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Mark Twain Forum <[log in to unmask]>
Thu, 29 Sep 1994 22:58:57 EST
Mark Twain Forum <[log in to unmask]>
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>From Paris, in January of 1787, Thomas Jefferson wrote to his friend
Edward Carrington:
      "...The basis of our governments being the opinion of the people,
the very first object should be to keep that right; and were it left to
me to decide whether we should have a government without newspapers, or
newspapers without a government, I should not hesitate a moment to
prefer the latter.  But I should mean that every man should receive
those papers, and be capable of reading them.  I am convinced that
those societies (as the Indians) which live without government, enjoy
in their general mass an infinitely greater degree of happiness than
those who live under the European governments.  Among the former,
public opinion is in the place of law, and restrains morals as
powerfully as laws ever did anywhere..."

In April of 1908, the District-Attorney of the County of New York,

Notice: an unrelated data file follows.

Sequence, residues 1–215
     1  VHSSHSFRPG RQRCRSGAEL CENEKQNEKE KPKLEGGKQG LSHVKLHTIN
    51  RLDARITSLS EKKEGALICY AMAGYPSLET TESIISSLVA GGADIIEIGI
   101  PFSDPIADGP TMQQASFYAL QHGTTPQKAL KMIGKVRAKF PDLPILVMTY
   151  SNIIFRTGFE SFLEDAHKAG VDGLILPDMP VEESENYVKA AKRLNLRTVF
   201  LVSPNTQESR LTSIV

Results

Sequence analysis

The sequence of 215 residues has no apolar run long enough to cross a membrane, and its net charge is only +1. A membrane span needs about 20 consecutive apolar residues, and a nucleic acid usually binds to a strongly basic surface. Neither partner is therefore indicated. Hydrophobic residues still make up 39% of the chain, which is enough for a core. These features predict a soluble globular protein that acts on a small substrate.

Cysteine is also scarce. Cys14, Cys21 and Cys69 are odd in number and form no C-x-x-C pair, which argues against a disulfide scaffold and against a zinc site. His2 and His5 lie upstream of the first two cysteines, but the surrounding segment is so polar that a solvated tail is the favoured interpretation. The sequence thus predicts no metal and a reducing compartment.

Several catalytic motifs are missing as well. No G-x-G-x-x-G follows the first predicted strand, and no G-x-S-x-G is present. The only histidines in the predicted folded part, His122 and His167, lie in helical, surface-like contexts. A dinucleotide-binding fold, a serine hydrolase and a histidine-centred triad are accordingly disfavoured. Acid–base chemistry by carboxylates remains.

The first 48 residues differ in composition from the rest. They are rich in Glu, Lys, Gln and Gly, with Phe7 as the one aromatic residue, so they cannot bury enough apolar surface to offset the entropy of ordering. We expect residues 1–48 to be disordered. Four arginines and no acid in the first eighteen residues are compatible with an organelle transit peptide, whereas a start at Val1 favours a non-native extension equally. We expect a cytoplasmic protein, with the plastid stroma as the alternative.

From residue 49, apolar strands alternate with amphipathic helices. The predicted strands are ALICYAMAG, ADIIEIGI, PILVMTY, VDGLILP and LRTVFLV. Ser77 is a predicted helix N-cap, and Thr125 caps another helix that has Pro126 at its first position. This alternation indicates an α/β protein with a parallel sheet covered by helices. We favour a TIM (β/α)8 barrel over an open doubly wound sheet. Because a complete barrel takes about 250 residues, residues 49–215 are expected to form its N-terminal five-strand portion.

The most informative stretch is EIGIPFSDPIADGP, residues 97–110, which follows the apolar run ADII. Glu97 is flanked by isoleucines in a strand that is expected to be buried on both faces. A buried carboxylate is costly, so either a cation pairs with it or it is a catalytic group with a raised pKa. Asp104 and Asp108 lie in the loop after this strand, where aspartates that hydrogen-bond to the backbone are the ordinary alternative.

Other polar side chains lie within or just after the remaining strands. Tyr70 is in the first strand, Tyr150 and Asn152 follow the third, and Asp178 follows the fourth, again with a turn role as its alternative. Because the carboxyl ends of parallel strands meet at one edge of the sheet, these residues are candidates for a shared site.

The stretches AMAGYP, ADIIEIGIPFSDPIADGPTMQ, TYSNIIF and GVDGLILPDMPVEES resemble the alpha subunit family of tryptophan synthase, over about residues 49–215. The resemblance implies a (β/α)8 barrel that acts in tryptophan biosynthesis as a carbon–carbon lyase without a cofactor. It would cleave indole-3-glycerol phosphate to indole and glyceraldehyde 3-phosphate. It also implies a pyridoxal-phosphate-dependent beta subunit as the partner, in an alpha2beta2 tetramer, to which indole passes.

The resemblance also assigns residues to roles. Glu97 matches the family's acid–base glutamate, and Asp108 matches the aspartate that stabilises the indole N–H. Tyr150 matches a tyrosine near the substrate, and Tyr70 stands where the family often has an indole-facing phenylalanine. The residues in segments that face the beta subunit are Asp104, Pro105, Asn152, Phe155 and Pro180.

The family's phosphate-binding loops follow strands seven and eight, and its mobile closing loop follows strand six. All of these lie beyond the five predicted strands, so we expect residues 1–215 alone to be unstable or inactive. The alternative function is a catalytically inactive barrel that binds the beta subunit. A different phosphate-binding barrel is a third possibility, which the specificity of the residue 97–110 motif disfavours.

William T. Jerome, gave a speech in which he said:
      "I tell you, a democratic government won't work as long as you
have government by the newspapers...A democratic form of government
should be based on universal suffrage, but it is now based on public

Samuel Clemens heard Jerome's speech and commented upon it in his
autobiographical dictation of April 27, 1908:
      "...What we call our civilization is steadily deteriorating, I
think.  We were a pretty clean people before the war; we seem to be
rotten at the heart now.  The newspapers are mainly responsible for
this.  They publish every loathsome thing they can get hold of, and if
the simple facts are not odious enough they exaggerate them...Our
newspaper is a singular product.  Its editorial page is morally clean;
its ideals are high and fine, and its advocacy of them is able,
eloquent, and convincing; then along with it, every day, we have seven
pages of poisonous dirt in the form of news.  Our newspaper is a kind
of temple, with one angel in it and seven devils..."

Paul Berkowitz